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‘I Don’t Know Anything Else’: Arthur Maulet Opens Up About Dreading Life After Football

It’s not uncommon to get into a conversation, perhaps even a debate, as to just what ‘sports’ is. It’s a form of exercise, for one thing. It’s a game. It’s certainly become an entertainment industry. It’s a livelihood not just for the athletes who play, but for those who are employed to help run the league in various capacities.

For some, it’s not just a living though. It’s a defining part of your life. Pittsburgh Steelers defensive back Arthur Maulet recently opened up about his background and the role football has played in his life, speaking exclusively to Teresa Varley for the team’s website.

“A lot of people look at football as a game and they are grateful for it”, he said. “It did save me. I don’t know anything else. You hear my story now. I never had a regular job. Never worked for anyone. This is all I know. That’s why I take it so seriously. I am so grateful for it, and I approach every day like it’s my last because without this I have nothing”.

And his story is quite something. He was the oldest of five siblings growing up with a single mother. He experienced homelessness, and was the subject of bad influences at times, making poor decisions on the streets, whether living in the New Orleans area or after his grandfather moved the family up to Ann Arbor, Michigan.

He retells a harrowing account of surviving Hurricane Katrina, spending time living in the Superdome, watching people die there—be killed there by falling debris from the roof of the damaged structure. Watching violence and rape.

And on top of that, it cost him a year of eligibility for football, so it left him watching practices from afar during his senior season. While he developed a love of a game living near the University of Michigan, it was the influence of high school defensive backs coach Donald Cox who persuaded him to pursue his dream through whatever means necessary, walking on at a community college in Mississippi before having the chance to transfer to Memphis a couple of years later.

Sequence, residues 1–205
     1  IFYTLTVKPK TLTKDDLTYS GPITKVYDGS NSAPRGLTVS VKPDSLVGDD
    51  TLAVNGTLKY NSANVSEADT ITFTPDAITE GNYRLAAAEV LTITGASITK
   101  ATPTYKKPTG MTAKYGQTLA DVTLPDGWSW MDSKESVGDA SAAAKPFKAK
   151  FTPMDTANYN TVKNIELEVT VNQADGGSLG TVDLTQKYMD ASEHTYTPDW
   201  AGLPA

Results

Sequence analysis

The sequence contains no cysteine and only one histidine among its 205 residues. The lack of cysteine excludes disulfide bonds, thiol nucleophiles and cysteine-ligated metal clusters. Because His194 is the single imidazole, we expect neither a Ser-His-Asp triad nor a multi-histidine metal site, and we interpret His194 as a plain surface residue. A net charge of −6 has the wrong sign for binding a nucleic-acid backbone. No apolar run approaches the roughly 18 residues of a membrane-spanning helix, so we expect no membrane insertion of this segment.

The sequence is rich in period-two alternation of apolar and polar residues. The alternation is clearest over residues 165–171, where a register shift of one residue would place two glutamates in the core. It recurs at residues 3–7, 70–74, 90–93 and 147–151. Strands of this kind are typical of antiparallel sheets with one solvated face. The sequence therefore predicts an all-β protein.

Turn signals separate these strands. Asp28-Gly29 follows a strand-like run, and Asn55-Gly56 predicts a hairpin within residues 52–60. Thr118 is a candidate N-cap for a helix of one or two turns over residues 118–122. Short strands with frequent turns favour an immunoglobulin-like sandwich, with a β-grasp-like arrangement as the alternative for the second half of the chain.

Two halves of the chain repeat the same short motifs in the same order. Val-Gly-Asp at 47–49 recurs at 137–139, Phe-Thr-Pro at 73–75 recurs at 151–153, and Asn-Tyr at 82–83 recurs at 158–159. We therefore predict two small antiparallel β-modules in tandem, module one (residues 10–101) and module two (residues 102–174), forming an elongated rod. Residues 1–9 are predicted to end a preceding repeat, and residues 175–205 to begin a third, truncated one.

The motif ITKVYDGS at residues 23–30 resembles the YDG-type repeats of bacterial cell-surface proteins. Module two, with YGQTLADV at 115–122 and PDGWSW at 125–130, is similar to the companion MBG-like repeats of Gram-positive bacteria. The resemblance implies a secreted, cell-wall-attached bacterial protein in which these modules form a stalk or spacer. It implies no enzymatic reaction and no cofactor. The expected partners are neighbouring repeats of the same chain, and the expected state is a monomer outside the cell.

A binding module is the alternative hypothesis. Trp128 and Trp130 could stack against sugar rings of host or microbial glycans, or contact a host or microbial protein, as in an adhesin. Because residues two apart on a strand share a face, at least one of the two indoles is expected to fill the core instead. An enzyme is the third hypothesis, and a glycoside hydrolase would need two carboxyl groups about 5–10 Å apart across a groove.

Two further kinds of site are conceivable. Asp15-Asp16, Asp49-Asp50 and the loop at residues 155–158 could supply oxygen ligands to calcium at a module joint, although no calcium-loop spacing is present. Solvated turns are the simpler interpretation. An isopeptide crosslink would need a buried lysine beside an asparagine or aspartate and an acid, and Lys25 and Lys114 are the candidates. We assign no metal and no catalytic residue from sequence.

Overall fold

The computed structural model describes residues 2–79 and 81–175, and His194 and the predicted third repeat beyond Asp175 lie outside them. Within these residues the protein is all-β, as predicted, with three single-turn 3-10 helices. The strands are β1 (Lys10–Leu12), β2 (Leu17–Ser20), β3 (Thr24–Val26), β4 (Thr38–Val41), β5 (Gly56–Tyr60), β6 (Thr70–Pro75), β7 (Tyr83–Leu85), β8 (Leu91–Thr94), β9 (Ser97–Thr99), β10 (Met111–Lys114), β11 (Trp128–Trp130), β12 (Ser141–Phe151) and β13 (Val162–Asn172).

The game has gotten him to where he is now—not that he hasn’t earned what he has received every step of the way. It’s why it all means so much to him. And it’s why he doesn’t want to think about the time when it comes to an end.

“It’s one of those things I get nervous sometimes thinking how many years do I have left, because what do I want to do after this? It’s a scary feeling for me because I didn’t do anything else”, he admitted. It’s much more than a game for him and his family.

There have been signs of that. Earlier this season, an ostensibly private blowout in front of his teammates was made public when he took issue with how it seemed to him others were not affected by the fact that they were just embarrassed on the field. Others tried to quiet him down, as reporters were in the area, but he couldn’t contain it.

It’s just too important to him. Football has been his way of life. As he said, it’s what he knows. It’s more even than just a passion. What would he do if he weren’t playing football? It helped get him off the streets, for one thing. It’s provided him with structure in his life.

And he’s not looking to part ways with the game any time soon, now six years into his career, and his second in Pittsburgh. He’s already under contract for 2023, so at least he doesn’t have to worry about where he will be playing next year. But he’ll be 30 years old next year, and he knows he has to make every season count.

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